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Publication numberUS5689723 A
Publication typeGrant
Application numberUS 08/013,271
Publication dateNov 18, 1997
Filing dateFeb 3, 1993
Priority dateFeb 3, 1993
Fee statusLapsed
Publication number013271, 08013271, US 5689723 A, US 5689723A, US-A-5689723, US5689723 A, US5689723A
InventorsChan S. Lim, Gregg A. Salsi, Isao Nozaki
Original AssigneeInternational Business Machines Corp
Export CitationBiBTeX, EndNote, RefMan
External Links: USPTO, USPTO Assignment, Espacenet
Method for allowing single-byte character set and double-byte character set fonts in a double-byte character set code page
US 5689723 A
Abstract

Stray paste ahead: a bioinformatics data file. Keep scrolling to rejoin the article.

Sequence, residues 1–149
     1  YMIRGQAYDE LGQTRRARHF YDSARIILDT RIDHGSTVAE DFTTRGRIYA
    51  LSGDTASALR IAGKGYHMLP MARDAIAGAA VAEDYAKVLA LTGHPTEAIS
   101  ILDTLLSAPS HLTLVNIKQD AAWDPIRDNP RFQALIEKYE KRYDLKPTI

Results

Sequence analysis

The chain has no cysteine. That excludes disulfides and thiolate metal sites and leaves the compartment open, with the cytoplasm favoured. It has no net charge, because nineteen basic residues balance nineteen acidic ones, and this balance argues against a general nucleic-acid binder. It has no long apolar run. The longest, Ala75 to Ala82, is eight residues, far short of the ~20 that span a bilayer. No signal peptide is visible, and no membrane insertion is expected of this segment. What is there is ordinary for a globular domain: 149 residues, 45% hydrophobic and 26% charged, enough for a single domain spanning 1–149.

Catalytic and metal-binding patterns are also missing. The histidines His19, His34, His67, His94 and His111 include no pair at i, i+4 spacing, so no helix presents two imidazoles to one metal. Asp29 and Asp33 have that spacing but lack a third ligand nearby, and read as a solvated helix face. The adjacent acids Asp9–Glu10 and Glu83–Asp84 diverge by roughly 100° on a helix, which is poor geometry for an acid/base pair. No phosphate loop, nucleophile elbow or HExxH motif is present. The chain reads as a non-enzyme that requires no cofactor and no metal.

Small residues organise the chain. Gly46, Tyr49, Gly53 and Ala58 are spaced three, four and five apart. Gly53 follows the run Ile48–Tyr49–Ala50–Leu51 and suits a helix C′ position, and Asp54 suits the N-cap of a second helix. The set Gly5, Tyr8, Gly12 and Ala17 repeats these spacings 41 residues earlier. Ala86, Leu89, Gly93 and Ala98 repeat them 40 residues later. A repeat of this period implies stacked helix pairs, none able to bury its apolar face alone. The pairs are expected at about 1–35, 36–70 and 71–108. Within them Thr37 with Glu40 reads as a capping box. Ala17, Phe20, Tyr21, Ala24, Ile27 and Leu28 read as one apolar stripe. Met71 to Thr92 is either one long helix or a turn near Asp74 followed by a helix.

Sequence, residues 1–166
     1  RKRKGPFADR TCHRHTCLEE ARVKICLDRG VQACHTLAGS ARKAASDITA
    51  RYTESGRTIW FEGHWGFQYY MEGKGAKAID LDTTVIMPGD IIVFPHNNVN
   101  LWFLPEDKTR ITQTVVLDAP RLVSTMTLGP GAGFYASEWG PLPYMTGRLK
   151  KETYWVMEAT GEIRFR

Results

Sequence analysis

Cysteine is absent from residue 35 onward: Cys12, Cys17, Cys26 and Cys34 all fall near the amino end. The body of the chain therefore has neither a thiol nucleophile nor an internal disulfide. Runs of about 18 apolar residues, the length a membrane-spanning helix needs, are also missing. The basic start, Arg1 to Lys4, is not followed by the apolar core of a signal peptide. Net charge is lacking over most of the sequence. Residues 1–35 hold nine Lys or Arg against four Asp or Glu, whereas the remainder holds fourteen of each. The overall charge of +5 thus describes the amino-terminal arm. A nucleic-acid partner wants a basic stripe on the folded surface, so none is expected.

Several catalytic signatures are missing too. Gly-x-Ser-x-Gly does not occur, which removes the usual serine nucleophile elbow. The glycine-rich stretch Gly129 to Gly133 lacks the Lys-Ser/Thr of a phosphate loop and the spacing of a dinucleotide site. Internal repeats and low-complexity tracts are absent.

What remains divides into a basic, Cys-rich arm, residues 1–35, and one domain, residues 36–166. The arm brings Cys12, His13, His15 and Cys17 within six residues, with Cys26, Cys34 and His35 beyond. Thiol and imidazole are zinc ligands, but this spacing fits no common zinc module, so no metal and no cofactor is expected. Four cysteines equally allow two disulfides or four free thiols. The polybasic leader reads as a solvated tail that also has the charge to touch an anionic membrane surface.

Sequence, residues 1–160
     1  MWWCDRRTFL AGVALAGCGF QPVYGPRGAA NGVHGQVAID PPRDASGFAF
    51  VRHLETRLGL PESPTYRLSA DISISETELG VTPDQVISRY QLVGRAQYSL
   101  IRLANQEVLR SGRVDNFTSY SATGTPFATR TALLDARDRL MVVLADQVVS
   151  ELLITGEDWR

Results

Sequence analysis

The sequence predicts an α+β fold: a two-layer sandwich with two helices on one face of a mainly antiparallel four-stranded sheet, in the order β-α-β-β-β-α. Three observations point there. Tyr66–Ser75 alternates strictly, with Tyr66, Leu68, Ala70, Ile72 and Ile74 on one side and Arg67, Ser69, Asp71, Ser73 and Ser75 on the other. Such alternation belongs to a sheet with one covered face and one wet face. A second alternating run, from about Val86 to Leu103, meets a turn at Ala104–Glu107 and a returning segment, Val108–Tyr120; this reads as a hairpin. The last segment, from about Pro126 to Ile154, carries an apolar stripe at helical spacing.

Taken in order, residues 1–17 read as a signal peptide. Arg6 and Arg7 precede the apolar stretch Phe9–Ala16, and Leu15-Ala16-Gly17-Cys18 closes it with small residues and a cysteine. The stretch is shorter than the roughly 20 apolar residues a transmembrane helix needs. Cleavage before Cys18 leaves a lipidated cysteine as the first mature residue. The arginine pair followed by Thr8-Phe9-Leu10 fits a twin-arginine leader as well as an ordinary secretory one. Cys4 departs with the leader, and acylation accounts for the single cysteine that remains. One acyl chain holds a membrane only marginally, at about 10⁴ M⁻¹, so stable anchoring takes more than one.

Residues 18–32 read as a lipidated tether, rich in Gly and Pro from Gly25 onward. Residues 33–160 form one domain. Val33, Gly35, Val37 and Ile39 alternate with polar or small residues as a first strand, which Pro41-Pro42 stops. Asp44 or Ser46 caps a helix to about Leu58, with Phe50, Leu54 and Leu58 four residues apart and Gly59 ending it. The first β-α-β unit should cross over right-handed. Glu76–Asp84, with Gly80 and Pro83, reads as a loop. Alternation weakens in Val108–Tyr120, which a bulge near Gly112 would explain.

The method of the invention allows both single-byte character set (SBCS) and double-byte character set (DBCS) fonts in a DBCS code page. The invention stores the SBCS and DBCS text of the document in separate areas. Each area contains the following specific information about the text: the actual text itself, the length in bytes of the text, the horizontal starting position of the text, the font attributes for that text, a flag to indicate that the text is SBCS or DBCS text, and the value which points to the next area containing some text. The font attributes contain information such as the font typeface name, point size, color, weight, width, and the value to indicate whether the font type is an SBCS or a DBCS font type. A document is then set up to use different fonts, SBCS or DBCS, for specific sections of text and alternating back and forth between the fonts as many times as is necessary. The text of the document that uses the different fonts will be in separate areas and each area will contain its own text and font specific information.